Integrative hybrid modeling of the heart

Computational biomechanics has undergone a tremendous evolution in the last ten years. Thanks to increasing computational resources and novel and sophisticated software tools, biomechanical problems, which could be hardly undertaken ten years ago, are now easily addressed. As happens in these cases, borders are then moved farther and researchers explore new applications. In the last years a growing interest has been focused on patient specific modeling thanks to the concomitant great progress in imaging which is providing diagnostic possibilities that have not been available before.

Indeed, personalized healthcare can greatly benefit from imaging; the phenomenology of complex biological behaviors can be, at a large extent, caught through imaging; although currently limited by inadequate spatial and temporal resolutions, indeed, imaging can represent an important source of information thus integrating and complementing simulation capabilities.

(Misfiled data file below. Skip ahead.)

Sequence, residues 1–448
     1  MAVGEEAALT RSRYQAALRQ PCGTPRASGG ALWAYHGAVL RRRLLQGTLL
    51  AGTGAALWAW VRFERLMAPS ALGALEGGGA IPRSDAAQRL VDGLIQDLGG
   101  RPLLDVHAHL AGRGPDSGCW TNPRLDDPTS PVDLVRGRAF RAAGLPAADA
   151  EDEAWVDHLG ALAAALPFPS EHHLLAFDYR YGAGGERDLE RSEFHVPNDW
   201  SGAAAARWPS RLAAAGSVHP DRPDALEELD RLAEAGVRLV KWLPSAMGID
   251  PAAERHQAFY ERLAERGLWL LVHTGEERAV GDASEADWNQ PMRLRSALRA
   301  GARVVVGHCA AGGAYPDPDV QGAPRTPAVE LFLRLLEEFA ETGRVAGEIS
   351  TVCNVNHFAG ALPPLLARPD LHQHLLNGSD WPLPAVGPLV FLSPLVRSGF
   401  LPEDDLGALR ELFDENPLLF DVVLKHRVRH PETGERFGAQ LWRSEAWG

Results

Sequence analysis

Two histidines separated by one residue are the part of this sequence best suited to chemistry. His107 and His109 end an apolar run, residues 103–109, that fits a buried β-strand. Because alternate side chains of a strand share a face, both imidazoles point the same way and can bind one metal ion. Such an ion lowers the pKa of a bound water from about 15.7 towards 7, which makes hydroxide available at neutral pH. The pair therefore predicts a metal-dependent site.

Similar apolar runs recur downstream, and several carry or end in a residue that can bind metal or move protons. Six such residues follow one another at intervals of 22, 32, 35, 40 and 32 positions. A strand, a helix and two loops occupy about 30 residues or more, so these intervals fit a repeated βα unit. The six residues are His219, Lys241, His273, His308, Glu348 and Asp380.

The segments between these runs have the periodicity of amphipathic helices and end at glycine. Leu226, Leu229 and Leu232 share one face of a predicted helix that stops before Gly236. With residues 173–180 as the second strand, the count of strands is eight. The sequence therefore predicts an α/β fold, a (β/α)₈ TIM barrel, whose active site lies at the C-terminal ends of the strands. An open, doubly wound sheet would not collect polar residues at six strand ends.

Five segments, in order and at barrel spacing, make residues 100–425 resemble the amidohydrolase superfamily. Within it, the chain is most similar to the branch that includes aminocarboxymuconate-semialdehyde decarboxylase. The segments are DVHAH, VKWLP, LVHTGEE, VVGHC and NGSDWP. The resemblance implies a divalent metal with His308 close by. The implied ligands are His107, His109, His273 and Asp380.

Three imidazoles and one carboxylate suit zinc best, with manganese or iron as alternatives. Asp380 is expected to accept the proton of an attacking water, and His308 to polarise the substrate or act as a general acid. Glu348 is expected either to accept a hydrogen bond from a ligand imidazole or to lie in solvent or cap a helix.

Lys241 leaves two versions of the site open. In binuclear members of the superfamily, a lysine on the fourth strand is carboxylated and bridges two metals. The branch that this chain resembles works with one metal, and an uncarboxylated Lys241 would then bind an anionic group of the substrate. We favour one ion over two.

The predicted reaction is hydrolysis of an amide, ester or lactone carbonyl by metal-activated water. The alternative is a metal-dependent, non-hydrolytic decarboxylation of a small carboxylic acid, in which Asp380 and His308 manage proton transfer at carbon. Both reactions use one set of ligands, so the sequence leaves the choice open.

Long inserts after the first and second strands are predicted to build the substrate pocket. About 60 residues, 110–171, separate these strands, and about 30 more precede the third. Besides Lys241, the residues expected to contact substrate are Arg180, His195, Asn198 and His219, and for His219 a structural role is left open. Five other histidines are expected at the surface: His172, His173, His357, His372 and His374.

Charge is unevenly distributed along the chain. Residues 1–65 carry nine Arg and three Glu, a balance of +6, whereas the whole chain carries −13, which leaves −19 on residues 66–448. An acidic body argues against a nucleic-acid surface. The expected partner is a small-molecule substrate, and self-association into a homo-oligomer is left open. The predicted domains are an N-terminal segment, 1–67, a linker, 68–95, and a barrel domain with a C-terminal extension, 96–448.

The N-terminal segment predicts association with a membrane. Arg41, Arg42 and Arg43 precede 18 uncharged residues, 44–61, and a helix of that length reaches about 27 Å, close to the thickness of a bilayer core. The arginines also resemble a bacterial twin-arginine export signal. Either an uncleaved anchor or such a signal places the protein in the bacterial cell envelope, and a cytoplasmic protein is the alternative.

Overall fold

In the talk a number of examples of possible applications will be provided where patient specific modeling can be successfully approached by combining simulations and imaging, in a heterogeneous framework, what we define as integrative or hybrid modeling.